Global Edition

Extinction Rebellion joins call for Brighton courses to be re-wilded

11.52am 6th January 2020 - Courses - This story was updated on Friday, January 10th, 2020

A campaign to transform Hollingbury and Waterhall golf courses in Brighton into sites for re-wilding has been backed by climate action group Extinction Rebellion.

The drive to re-wild the two remaining council-owned courses in the East Sussex coastal town has been gathering momentum after it was announced last year that their leases were being terminated in March 2020.

Extinction Rebellion (XR) has been leading calls for the land to be used to support wildlife, with one of its members, Claudia Fisher, launching a petition which has attracted almost 2,000 signatures to date.

The leases for Waterhall (pictured) and Hollingbury golf courses (main image) are being terminated by Brighton City Council in March, with current bids for alternative uses including a rewilding scheme, although course operators are still able to bid to retain the two sites for golf

According to Brighton’s local newspaper, The Argus, the XR group plans to stage several demonstrations around Brighton, including one at Hollingbury golf course on Saturday, January 11. Protesters are planning to form the outline of the movement’s giant hourglass symbol next to the course at Hollingbury hill fort.

They will march down Ditchling Road towards The Level and tug their boat-come-mascot, called Greta, along the streets of Brighton and Hove.

The re-wilding campaign has received online support from BBC wildlife presenter Chris Packham.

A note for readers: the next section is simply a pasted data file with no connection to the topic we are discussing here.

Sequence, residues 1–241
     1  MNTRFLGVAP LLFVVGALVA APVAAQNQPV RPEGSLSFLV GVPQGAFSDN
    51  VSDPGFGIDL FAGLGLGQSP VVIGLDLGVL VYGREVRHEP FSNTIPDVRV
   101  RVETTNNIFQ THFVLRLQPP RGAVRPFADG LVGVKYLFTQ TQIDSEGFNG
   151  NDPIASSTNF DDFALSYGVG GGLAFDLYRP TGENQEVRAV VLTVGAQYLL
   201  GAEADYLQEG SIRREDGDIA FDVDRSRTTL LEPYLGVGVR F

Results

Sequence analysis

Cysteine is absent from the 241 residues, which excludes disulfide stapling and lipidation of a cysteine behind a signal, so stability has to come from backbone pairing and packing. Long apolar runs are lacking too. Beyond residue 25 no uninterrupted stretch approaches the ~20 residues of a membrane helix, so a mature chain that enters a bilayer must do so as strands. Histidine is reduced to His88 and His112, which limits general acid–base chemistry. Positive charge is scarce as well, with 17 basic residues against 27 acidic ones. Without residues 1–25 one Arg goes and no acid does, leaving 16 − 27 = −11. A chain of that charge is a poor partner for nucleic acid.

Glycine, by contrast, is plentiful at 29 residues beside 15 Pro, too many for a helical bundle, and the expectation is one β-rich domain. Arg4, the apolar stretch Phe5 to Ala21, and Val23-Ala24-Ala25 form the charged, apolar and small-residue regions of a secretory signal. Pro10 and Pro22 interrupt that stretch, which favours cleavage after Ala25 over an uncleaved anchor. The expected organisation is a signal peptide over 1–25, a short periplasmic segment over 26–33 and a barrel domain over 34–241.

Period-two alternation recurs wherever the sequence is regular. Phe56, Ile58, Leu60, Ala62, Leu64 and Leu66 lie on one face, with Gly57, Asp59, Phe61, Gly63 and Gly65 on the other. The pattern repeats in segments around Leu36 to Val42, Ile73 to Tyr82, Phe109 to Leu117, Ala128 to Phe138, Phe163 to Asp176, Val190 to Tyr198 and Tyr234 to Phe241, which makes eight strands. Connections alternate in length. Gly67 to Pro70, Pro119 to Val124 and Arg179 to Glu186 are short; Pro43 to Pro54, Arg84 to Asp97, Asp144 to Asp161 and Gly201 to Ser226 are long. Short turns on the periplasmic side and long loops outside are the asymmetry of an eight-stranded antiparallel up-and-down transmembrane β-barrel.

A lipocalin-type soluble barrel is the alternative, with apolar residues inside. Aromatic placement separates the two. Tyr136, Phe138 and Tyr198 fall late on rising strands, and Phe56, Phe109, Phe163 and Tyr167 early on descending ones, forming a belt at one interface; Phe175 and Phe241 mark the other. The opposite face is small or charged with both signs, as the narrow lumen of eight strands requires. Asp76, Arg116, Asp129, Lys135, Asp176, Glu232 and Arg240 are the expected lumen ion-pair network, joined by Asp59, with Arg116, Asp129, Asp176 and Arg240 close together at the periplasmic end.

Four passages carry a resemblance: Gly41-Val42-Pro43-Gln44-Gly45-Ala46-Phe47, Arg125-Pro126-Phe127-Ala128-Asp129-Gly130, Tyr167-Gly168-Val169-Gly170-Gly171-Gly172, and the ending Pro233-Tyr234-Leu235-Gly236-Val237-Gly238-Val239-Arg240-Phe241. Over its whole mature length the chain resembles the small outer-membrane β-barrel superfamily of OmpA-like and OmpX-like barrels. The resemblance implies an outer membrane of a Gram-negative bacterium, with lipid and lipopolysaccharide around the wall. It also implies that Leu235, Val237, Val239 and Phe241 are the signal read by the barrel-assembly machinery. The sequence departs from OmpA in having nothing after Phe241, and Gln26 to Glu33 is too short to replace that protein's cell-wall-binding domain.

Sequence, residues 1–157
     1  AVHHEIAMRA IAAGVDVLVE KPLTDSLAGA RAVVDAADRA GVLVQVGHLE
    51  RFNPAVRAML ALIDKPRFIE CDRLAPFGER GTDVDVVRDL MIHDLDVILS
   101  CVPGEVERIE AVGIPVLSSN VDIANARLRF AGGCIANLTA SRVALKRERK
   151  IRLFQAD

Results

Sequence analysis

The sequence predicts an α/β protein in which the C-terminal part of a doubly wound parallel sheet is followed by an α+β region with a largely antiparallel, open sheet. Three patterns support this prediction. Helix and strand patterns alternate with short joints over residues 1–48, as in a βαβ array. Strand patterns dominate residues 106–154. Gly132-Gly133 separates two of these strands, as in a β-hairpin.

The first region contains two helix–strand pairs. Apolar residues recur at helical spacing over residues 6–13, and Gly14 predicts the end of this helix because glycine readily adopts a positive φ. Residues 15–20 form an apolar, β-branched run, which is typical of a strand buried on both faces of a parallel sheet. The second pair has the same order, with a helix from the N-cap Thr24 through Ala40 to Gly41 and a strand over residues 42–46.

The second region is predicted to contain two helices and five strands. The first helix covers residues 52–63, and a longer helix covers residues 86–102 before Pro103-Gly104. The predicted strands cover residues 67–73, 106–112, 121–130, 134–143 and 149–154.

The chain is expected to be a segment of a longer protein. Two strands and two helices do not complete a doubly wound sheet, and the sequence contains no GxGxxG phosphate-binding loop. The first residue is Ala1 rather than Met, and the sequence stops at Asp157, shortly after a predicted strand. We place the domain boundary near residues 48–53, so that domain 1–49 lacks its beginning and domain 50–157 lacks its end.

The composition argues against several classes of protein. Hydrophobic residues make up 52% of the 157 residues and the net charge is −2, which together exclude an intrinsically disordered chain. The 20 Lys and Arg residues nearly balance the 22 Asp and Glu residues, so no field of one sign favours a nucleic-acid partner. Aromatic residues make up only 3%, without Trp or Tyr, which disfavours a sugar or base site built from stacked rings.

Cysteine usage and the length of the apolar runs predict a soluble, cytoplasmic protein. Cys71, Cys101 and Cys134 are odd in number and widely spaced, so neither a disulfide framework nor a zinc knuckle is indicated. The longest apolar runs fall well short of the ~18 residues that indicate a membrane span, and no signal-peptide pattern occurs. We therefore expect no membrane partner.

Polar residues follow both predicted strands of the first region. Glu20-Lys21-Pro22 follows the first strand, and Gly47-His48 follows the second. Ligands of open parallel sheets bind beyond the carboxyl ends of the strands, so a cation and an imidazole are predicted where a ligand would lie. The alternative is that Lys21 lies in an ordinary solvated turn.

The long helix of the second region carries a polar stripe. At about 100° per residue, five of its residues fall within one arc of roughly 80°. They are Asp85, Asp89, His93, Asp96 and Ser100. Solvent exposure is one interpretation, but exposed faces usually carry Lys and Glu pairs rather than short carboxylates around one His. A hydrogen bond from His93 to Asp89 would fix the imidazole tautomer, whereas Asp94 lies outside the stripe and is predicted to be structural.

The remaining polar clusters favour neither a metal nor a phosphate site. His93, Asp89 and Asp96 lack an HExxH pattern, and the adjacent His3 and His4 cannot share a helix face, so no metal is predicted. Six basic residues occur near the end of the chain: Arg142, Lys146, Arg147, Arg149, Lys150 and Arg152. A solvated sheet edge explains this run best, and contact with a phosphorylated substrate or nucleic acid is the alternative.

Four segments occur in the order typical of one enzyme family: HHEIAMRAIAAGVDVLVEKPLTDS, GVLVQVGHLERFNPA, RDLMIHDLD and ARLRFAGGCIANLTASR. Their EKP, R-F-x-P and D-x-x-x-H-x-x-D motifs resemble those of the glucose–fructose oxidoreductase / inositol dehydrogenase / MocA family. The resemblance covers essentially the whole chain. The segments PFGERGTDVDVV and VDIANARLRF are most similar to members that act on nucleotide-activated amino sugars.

Fisher said: “It’s incredibly touching to see all this support. It has obviously touched a real chord in people’s hearts. We want to help the butterflies, birds and dormice suffering in the current biodiversity crisis. Many of these animals have just gone. We know that money’s tight, but we want to work with the council so they honour their commitment to tackle the climate emergency and save our biodiversity.

In September, Brighton and Hove City Council announced it had put the two golf courses on the market. The council has been inviting proposals to let the sites for the next 25 years when the current contract ends in March. It said one option would be to devote the land – which sits in the South Downs National Park – to nature and re-wilding. But the council also said the site could be used for more golf courses.

When the council first appealed for bids, Councillor Alan Robins said: “By inviting proposals on long term leases for golf or other leisure uses we hope to receive a range of options to give both courses a sustainable future.”


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